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ICG: Fighting Syria’s War Is Hurting Hezbollah at Home

The Lebanese militant group has backed Assad since the start of the war. But at what price to its own cause?

Written by Karen Leigh Published on Read time Approx. 4 minutes

As Hezbollah continues to support the Syrian regime, fighting on behalf of President Bashar al-Assad, it risks losing its popularity both in Lebanon and among the Syrian population, says the International Crisis Group (ICG) in a new report.

“Hezbollah’s original military objectives in Syria were clear: to save a regime it sees as a vital ally and distance Sunni jihadis from its borders and neighborhoods,” the report says.

“Its contributions have been crucial. Its forces reversed the regime’s flagging momentum and enabled it to gain the relative advantage it enjoys today. Its fight against the Syrian opposition, which it has cast in harsh sectarian terms, has shored up its support base. But the long-term costs … could be steep.”

It goes on to posit that Hezbollah’s role in Syria is shifting the group’s identity by creating new problems for Lebanon, its home country, where it holds significant political sway.

Hezbollah’s fight in Syria “has deepened the regional sectarian divide, fueled the very extremism it purports to combat and eroded the movement’s legitimacy among constituencies that previously were supportive,” the report says.

“By framing its fight as a pre-emptive attack on takfiris – those who declare other Muslims to be apostates – Hezbollah has tarred all shades of the opposition, and indeed sometimes all Sunnis, with the same radicalizing brush. It has exaggerated, and thereby exacerbated, the sectarianism of the Syrian opposition as well as its own domestic opponents.”

We asked Sahar Atrache, a Beirut-based ICG analyst and the paper’s main author, to weigh in.

Syria Deeply: What’s the main theme you explore?

Sahar Atrache: The paper is about Hezbollah’s role inside Syria and how it has evolved. The main idea we present is that regardless of the outcome of the war, Hezbollah is now militarily involved, and this involvement is informing the party and changing its identity.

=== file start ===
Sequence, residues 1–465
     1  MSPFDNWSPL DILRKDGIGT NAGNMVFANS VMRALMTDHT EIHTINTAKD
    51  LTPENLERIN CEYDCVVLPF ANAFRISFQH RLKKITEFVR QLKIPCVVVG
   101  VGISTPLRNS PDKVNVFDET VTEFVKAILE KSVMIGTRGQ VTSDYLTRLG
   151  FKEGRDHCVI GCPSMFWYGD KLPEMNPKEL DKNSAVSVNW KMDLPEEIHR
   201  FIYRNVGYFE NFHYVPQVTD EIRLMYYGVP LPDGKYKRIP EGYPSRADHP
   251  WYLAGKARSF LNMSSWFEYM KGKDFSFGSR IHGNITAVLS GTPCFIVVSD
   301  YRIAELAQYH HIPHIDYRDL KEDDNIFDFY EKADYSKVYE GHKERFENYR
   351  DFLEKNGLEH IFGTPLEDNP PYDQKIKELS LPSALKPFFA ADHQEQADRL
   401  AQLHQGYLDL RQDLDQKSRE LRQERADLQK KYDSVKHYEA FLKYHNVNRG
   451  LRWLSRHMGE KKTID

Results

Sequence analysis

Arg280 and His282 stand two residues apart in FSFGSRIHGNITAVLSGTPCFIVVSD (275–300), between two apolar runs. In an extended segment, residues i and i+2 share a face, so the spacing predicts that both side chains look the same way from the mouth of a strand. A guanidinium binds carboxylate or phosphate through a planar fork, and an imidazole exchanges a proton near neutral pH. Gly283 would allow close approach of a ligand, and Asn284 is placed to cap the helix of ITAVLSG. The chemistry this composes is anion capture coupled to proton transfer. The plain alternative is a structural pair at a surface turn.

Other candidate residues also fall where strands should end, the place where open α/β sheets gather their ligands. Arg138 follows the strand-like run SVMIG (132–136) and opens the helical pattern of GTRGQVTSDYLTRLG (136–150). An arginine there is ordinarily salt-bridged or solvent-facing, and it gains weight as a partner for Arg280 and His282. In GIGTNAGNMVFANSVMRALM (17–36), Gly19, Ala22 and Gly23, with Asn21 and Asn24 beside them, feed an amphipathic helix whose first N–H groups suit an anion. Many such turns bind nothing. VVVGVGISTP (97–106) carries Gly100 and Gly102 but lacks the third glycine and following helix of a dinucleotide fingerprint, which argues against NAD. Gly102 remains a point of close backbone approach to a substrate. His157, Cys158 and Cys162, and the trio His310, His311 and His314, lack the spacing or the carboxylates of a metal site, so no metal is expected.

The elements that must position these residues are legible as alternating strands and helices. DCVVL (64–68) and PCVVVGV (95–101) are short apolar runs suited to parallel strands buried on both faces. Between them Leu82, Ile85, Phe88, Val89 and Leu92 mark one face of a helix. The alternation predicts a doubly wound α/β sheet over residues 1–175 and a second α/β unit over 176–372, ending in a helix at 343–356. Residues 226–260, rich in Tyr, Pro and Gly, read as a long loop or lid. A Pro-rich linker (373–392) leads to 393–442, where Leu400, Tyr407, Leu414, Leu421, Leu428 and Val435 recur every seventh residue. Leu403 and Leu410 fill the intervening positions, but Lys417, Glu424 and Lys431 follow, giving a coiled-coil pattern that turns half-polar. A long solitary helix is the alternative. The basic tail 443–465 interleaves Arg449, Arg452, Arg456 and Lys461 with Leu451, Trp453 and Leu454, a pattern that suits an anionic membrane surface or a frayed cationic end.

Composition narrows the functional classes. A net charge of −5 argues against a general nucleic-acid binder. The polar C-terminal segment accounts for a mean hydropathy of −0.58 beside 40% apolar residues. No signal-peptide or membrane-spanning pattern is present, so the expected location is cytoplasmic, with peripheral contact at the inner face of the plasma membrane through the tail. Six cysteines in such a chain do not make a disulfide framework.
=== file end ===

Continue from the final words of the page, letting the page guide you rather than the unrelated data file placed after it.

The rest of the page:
Even though at the beginning it gave the regime the momentum it needed by dislodging rebels from the border area, we think that in the longer term the outcome of this involvement is going to be negative for Hezbollah. It says it’s fighting extremists, but its very involvement fuels this extremism. It says it’s fighting to protect its [military] strategic depth, but the fighting endangers that because wide segments of the Syrian population are against [those fighting with the regime]. Inside Syria, it’s transforming the idea of Hezbollah, which was once a widely respected organization there. So it’s a dramatic change in Hezbollah’s trajectory.

Syria Deeply: How popular was Hezbollah in Syria before the conflict?

Atrache: All interviews with Syrians show that Hezbollah was very popular in Syria. Nasrallah was very popular, and during the 2006 [Lebanon war against Israel] the majority of Syria’s population stood beside the party and the Lebanese in general. One thing we tried to show in the report is that the problem now with Hezbollah is it focused on escalating its involvement with the regime on the political level, but it didn’t take time to build its relationship with the [Syrian] population. Inside Syria and Lebanon the main focus of the party was on security and the political arena. They have a very close relationship with the regime itself, but not a close relationship with society.

It’s not a question of popularity in the sense of just having people cheering. It’s important for the party to have the feeling that like in 2006, it’s supported. It’s very important for Hezbollah to have the deep social [support] in general. It’s important for the party not to have hostile groups across the border, or the areas that are considered strongholds in the Bekaa.

Syria Deeply: What has been Hezbollah’s evolution in the country?

Atrache: Some people said at the beginning that the party would not turn against its allies. It has been a gradual involvement: the first time it involved [moderate] rebels on the border, then the Islamist extremists, also on the border, so every time there was a new argument that it used to justify its involvement. For many inside Lebanon, they were surprised by the extent of Lebanon’s involvement. People didn’t think that the party would go so deep into Syria.

Syria Deeply: In regards to its involvement in Syria, what’s Hezbollah’s next step?

Atrache: What we were able to see from meeting with [Hezbollah officials] is that the party will not withdraw from Syria. It is willing to go all the way to secure the regime’s position. The next step for Hezbollah is to keep [fighting] to secure the Syrian regime, for the time being. They’re not thinking of an exit strategy right now. This is a key issue because if Hezbollah withdraws now from Syria, it would have achieved some gains and mostly be able to manage the [negative] consequences of its involvement. The risk at this point is that if it goes deeper and deeper into Syria, it goes into the unknown.

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